British museums are running out of storage space for historical artifacts. The reason is numerous finds during construction work, as the BBC reported. A span of several centuries is affected: from Roman sherds to pottery from the Bronze Age.
A report by Historic England and the Arts Council England department concludes that unless new space is made, the amount of material that has been accidentally discovered will soon become unsustainable.
"The clock is ticking -- we've got four or five years before we really start to have massive problems," said Barney Sloane of Historic England. "Archaeological archives have a lot of potential. It would be a shame if we couldn't find a way to protect them for the future."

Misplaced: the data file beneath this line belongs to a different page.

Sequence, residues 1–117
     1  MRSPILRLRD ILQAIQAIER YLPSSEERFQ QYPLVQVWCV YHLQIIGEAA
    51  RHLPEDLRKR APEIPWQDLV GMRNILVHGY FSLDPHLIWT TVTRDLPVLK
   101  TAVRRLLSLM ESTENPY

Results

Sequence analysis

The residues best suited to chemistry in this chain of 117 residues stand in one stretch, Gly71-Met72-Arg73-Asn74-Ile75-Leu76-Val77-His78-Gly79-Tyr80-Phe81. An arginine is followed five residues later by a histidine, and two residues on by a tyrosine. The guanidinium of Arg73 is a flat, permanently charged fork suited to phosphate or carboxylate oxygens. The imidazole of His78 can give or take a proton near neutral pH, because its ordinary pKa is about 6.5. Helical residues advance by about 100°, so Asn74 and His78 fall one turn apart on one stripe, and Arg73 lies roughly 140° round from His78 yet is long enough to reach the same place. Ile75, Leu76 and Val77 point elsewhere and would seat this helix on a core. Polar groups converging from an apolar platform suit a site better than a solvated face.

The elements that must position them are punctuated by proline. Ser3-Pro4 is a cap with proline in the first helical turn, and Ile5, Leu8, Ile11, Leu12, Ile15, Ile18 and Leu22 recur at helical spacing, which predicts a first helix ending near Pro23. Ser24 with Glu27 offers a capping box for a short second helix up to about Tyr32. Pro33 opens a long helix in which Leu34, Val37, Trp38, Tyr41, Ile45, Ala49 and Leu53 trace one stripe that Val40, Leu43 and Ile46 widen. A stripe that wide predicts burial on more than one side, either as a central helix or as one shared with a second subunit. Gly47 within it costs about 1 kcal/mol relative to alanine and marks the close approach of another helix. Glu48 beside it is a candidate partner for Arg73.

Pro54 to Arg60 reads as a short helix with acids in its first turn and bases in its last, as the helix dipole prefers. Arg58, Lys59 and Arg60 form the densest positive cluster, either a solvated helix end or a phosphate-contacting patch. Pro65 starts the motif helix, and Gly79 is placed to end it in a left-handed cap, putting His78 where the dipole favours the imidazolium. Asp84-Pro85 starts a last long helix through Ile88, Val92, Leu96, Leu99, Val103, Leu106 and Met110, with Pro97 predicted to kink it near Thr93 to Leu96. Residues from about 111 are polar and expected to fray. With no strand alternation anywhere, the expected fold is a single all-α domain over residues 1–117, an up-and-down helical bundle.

Many pieces were found by archaeologists who, on behalf of construction companies, examine and approve the plots of land before construction work begins. In this way, a large Roman mosaic was discovered in London, for example, or a Roman trading post in central England.
Historians fear loss of history
"There's just no space," said researcher Tom Booth. In addition, museums lack archaeological curators due to a lack of funding. According to the Society of Museum Archaeologists, a quarter of the excavations carried out by so-called archaeological contractors in England never find their way into a museum.
It is feared that in the future, municipalities will no longer be able to force companies to dig up archaeological sites when space is tight. Then much history would be lost forever, Historic England warned.
The hope lies in a government historical archive that could secure the question of preservation for decades to come. But nothing is decided. Museums and institutes are increasingly using the services of private companies. For example, Deepstore offers a lot of space in an underground disused salt mine.